When I first got into Travel Hacking, I learned that it’s really helpful to know my credit score but it’s equally important to know the contents of my credit report. In general, a credit score of 700 and above will make it easier to apply for and be approved for most of the great travel credit cards.
This is where Credit Karma comes in really handy. I am not in any way affiliated with Credit Karma. Credit Karma makes money by recommending credit products. Ignore their recommendations and use the site in the ways I’ll describe. I repeat, pay no attention to the credit cards and loan instruments they will try to get you to apply for as those are not necessarily the best for travel hackers.
Know that you are signing up for a free account with Credit Karma. With this free account, you’ll get access to your credit score from both Equifax and TransUnion which are two of the three major credit reporting agencies. The third one for information’s sake is Experian. Note that the credit scores reported by Credit Karma from Equifax and TransUnion may vary by as much as 20-30 points from each other. My Equifax score is 29 points higher today than my TransUnion score. Use the scores as a ballpark figure and know that the score is always changing based on many factors.
These days, you can find your FICO score (Fair Isaac Corporation) on many bank websites and apps. FICO score is what most banks use along with other borrower information to determine credit worthiness for extending credit. Your FICO score will often be 30-40 points lower than those reported on Credit Karma.
These are some of the banks that will show you your FICO score:
Ally, American Express, Bank of America, Capital One, Chase, Citibank, Discover, Walmart, Wells Fargo and various Credit Unions
What you want to look at on the Credit Karma site is your two credit reports. For our purposes, we want to see all the credit cards you currently have open and specifically, the ones opened over the last 24 months. The two year time frame comes into play when applying for any Chase Bank credit cards.
Chase 5/24 Rule
The Chase 5/24 rule makes you ineligible to apply for and receive Chase credit cards if you’ve opened more than 5 new credit cards from any bank in the last 24 months. As a reminder, in most cases, I recommend that you apply for Chase credit cards before any other credit cards because of the value of the points and perks they offer.
To find your credit card information, sign up for your free account and navigate on the top menu to “Accounts”. When this page opens up, you’ll see the total amount of your outstanding credit and a list of all your open credit card accounts as well a place to click to see closed credit card accounts. Any bank loans, mortgages or other credit instruments will be listed further down on the page.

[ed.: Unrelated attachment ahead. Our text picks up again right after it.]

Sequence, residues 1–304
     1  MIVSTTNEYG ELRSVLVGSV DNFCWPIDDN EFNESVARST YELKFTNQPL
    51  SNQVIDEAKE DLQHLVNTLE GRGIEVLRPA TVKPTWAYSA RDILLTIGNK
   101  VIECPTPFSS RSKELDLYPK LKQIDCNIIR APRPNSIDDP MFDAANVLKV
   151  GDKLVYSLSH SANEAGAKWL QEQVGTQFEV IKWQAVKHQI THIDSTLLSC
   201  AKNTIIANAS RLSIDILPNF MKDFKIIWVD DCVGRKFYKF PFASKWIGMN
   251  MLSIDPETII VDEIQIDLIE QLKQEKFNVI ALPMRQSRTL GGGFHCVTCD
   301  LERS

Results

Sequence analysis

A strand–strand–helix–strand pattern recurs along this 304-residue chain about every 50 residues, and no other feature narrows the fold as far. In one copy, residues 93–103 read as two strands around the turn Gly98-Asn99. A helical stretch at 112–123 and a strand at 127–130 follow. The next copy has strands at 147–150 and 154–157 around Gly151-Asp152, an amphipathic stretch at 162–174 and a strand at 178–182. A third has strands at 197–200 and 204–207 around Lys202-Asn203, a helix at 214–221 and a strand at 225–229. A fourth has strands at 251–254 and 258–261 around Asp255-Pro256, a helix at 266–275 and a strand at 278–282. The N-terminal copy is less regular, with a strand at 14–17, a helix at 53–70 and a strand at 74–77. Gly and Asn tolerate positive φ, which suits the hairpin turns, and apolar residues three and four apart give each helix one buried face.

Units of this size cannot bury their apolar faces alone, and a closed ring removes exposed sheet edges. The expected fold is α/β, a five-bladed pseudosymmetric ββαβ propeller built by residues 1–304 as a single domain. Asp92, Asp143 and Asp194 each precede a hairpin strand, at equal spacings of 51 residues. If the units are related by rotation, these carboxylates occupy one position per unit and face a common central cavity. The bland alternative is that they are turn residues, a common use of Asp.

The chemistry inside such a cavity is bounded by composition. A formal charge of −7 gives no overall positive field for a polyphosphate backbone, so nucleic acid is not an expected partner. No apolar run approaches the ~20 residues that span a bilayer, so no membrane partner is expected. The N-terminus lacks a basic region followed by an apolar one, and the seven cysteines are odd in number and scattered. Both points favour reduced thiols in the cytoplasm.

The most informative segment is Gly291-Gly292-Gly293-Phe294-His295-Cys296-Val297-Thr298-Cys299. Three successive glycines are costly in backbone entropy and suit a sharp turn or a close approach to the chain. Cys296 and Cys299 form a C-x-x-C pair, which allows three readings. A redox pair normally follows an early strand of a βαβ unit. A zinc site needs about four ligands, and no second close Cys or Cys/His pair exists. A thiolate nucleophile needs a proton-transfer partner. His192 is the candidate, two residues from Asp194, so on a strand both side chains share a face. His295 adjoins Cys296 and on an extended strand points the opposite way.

Again, we’re most interested in the open credit cards. Under each credit card listed, you’ll see the date the account was opened. Note how many cards you’ve opened in the last two years from today’s date You may not see a single credit card listed in that time frame. If you do, note the number of cards and keep that in mind before applying for your first travel hacking credit card.
If you have more than 5 credit cards opened in the last 24 months, please get in touch with me to discuss your particular situation. No worries though, there are other great credit cards to start with that are not from Chase.
Two Different Credit Agencies
Get to know both of your credit agency reports. Sometimes, one credit reporting agency will not list all the credit cards you have opened. This is the case for Business Credit Cards as they generally do not appear on personal credit report even if you used your social security number as the Tax ID number when applying. One exception to this is Capital One which does report Business credit cards on your credit report.
As you dive into travel hacking, you can always refer to your Credit Karma account to double check the dates of when you opened various credit cards. This will help when meeting minimum spending requirements in the 3 month window. There’s no need to check your credit score on a frequent basis as it will move up and down based on factors such as recent new credit card approval, the paying off of a particular credit card bill in any given month and any new loan accounts.
Please contact me with any questions about your Credit Karma account as well as to discuss a strategy for applying for credit cards.